Romania kicked out of Eurovision as SEE public broadcasters struggle

Romania kicked out of Eurovision as SEE public broadcasters struggle
/ Televiziunea Română (TVR)
By Clare Nuttall in Bucharest April 25, 2016

Romanian public broadcaster Televiziunea Română (TVR) confirmed on April 22 that it will not be able to resolve its financial problems in time to participate in the Eurovision song contest. The contest’s organisers said earlier in the day that Romania would be banned from the contest over its unpaid CHF16mn (€14.6mn) debt to the European Broadcast Union (EBU).

TVR is just one of several Southeast European public broadcasters that are struggling financially, in a region where many are under threat because of either insecure financing or tighter state control.

The official Eurovision website said in an April 22 statement that Romanian artist Ovidiu Anton would be taken out of the running order for the semi-final of the 2016 song contest.

"This is of course disappointing for the artist chosen to represent Romania, for our colleagues at TVR who have prepared their participation so well this year and, not least, for Romanian viewers and the many Eurovision fans in the country," says Jon Ola Sand, executive supervisor of the Eurovision Song Contest, on behalf of the EBU.

The greatest disappointment is for singer-songwriter Anton, who was to represent Romania with his song “Moment of Silence”, but now seems doomed to go back to his day job as a dog breeder. The leather clad, heavily made up rocker was selected over more than 90 other acts in March, after previously failing to win the nomination to represent his country four times.

“I am trying to smile and not get carried away, but it is unfair. I am still the same, same honest artist, same fighter that won fare and square both from the jury and from the public's vote... but yet, I have to declare I have been 'defeated',” Ovidiu wrote on his Facebook page after receiving official confirmation of the news.

TVR management held talks at the Romanian Ministry of Finance on April 22 but failed to resolve the issue. “It was concluded that, at this time, because of the legal framework, the ministry finance believes it cannot be involved in the financial support of Televiziunea Română,” TVR said in a statement. “Unfortunately, these discussions cannot solve the participation of Romania in the Eurovision Song Contest...”

The broadcaster pointed out that it has been calling since 2010 for the update of Romania’s “outdated legislation”, which it said “has led to chronic underfunding of public television”. The broadcaster is currently financed by a TV tax of just RON4 (€0.90) per month per household, which has not been increased since 2003.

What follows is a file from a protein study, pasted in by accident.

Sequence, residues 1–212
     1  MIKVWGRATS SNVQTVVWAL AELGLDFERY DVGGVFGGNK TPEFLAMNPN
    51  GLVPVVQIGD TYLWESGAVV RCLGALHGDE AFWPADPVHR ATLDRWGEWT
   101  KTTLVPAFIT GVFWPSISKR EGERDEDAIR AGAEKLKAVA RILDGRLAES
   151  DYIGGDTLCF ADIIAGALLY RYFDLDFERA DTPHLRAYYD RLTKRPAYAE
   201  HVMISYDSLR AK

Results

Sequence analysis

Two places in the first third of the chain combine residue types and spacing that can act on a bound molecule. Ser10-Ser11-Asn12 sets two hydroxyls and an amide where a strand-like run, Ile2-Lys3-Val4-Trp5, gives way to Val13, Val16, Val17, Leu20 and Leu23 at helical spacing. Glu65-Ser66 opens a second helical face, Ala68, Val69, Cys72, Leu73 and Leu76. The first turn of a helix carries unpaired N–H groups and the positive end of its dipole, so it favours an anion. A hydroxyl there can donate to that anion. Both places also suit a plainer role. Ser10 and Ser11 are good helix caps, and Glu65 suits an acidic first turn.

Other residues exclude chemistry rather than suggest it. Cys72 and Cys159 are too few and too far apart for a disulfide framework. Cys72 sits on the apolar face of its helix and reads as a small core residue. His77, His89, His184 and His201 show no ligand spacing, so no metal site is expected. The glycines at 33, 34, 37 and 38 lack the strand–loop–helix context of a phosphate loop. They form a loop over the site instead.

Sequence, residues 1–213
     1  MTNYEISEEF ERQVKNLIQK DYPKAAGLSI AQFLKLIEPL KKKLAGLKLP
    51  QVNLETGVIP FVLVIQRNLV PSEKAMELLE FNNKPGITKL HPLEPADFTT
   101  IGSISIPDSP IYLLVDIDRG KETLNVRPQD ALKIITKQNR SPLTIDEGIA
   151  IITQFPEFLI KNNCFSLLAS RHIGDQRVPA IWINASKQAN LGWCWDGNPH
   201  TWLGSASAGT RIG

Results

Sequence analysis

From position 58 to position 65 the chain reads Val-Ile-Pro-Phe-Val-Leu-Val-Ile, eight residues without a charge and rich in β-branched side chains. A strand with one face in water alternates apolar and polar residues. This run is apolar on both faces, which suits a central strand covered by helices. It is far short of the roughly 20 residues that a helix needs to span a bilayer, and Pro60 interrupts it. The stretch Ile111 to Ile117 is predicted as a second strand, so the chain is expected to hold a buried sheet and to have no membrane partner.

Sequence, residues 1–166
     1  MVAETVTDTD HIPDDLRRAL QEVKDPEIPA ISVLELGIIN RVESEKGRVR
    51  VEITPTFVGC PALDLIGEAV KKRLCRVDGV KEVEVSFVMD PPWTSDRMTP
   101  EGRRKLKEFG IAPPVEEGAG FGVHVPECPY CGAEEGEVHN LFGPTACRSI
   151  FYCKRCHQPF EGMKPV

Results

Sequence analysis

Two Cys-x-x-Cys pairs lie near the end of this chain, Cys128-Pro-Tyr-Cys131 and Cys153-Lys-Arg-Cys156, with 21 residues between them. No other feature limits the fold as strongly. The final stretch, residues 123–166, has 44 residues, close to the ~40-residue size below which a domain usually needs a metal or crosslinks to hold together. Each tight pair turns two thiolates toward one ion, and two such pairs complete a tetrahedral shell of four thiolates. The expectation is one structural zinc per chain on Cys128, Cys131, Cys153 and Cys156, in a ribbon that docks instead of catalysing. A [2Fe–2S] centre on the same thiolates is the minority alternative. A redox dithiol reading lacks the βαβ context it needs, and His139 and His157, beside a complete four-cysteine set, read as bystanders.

In addition to being unable to participate in or broadcast the Eurovision song contest, other member services from the EBU, a non-profit organisation representing public service broadcasters in 56 countries, will also be withdrawn. This means TVR will no longer have the right to broadcast sporting events such as this summer’s Rio Olympics or the Euro 2016 football championship.

“We are disappointed that all our attempts to resolve this matter have received no response from the Romanian government. In recent weeks the EBU has taken note of the Ministry of Finance’s suggestion that TVR may be placed into insolvency proceedings which may in turn lead to a profound restructuring of the broadcaster,” said EBU director general Ingrid Deltenre in a statement.

“Since 2010 numerous attempts have been made to restructure the debt owed and payment plans agreed that have not been adhered to. The EBU has written to the Romanian government on four separate occasions this year alone and received no reply.”

Dire straits

Romania is not the only country in Southeast Europe whose public service broadcaster is struggling to survive financially. Broadcasters in both Bosnia & Herzegovina and Kosovo have similar problems.

In the two and a half decades of transition, many countries have made substantial changes to the legal framework. “When the EU expanded, Romania, Bulgaria, Croatia and other new member states underwent scrutiny of their legal frameworks to ensure they were in line with EU standards of democratisation,” Radka Betcheva, senior project manager  at the EBU, said in a recent interview with bne IntelliNews. “This was done, though it is not perfect, but the problem is with implementation ... Financing is constantly a big problem in Romania, Bosnia and Kosovo - their broadcasters are in very dire straits.”

In Bosnia both the EBU and the Organisation for Security an Cooperation in Europe (OSCE) have been warning for more than a year of the imminent collapse of national public broadcaster BHRT.

This stems partly from the separation of powers within Bosnia, where in addition to BHRT there are the two entity level public broadcasters serving viewers in the Muslim-Croat Federation and Republika Srpska. The EBU claimed in May 2015 that the “public broadcasters, designed to promote cohesion and tolerance, tend to behave as rivals serving their regional parliaments.” All three now face financial collapse.